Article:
Revocable Trusts Provide NO Asset Protection by Design

The revocable trust is a strange bird: in preparing an asset protection plan we often speak of this type of trust as the foundation of the plan but the trust itself has no asset protection value for the grantor (trust creator). So why does this type of trust have such a pivotal role in the plan if it provides no protection to the grantor(s) from creditors?

The core concept underlying asset protection is that a judgment creditor readily “steps into the shoes” of the judgment debtor, and can thereby exercise the same control over assets owned by the debtor. This power includes the two most common controls; the power to sell property, and the power to withdraw funds from an account. In asset protection planning we seek to find legal ways to divide up control over assets among different entities such that the creditors of no single entity can gain control over the assets. The grantor of a trust retains the greatest power a trustee can have; the power to revoke the trust. Therefore, the grantor has full control over the assets and no protections from creditors through the trust.

Still, there are at least three reasons why individuals continue to use revocable trusts despite this limitation. First, the idea of giving up control over assets is generally incompatible with the grantor’s need to manage and make use of the assets during her lifetime. Second, nearly every state has adopted statute stripping so-called “self-settled” trusts of any asset protection powers by law. Third, revocable trusts can provide asset protection to non-grantor beneficiaries while providing tax savings and other benefits. The most consistent creditor for you and your estate is likely to be the Internal Revenue Service, and the revocable trust is a key component in a plan to minimize tax liability during and after your lifetime.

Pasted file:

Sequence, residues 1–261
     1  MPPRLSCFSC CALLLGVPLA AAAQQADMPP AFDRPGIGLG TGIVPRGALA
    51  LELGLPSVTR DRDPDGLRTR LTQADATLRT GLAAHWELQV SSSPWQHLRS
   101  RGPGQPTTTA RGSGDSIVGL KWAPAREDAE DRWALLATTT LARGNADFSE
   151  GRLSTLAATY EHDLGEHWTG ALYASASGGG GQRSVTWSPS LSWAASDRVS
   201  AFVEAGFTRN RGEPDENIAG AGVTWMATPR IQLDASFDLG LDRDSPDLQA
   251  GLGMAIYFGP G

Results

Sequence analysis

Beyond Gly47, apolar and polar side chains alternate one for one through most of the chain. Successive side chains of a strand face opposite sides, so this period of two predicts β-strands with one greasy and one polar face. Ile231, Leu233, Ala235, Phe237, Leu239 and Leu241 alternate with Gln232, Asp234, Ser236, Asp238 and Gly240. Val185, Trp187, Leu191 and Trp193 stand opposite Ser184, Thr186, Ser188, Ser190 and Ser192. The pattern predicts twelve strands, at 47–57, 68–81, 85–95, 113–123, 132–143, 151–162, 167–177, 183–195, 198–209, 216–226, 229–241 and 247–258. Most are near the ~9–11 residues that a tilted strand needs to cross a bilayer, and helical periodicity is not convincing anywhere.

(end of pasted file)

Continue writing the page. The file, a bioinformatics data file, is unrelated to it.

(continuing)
The revocable trust is the foundation of an estate plan that both minimizes tax liabilities and provides asset protection for the grantor and future beneficiaries. It sets the stage for how the estate assets are to be managed to maximize the production of the assets. Realistically, the need for more complex planning arises from the increase in the value of the estate. As the estate grows, other elements can be added that are tailored to fit specific needs. But for almost everyone, a revocable trust provides immediate value, regardless of net worth, and can lay the groundwork for the legacy you leave your heirs.

A well designed estate plan will draw on the strengths of a trust and other planning tools to protect the estate and preserve it for future generations. An experienced trust and estate planning attorney at Nielsen Law Group is available for a complimentary review of your estate planning goals, and to discuss the means available to achieve them. You can schedule your initial consultation by calling (480) 888-7111 or submitting a web request here.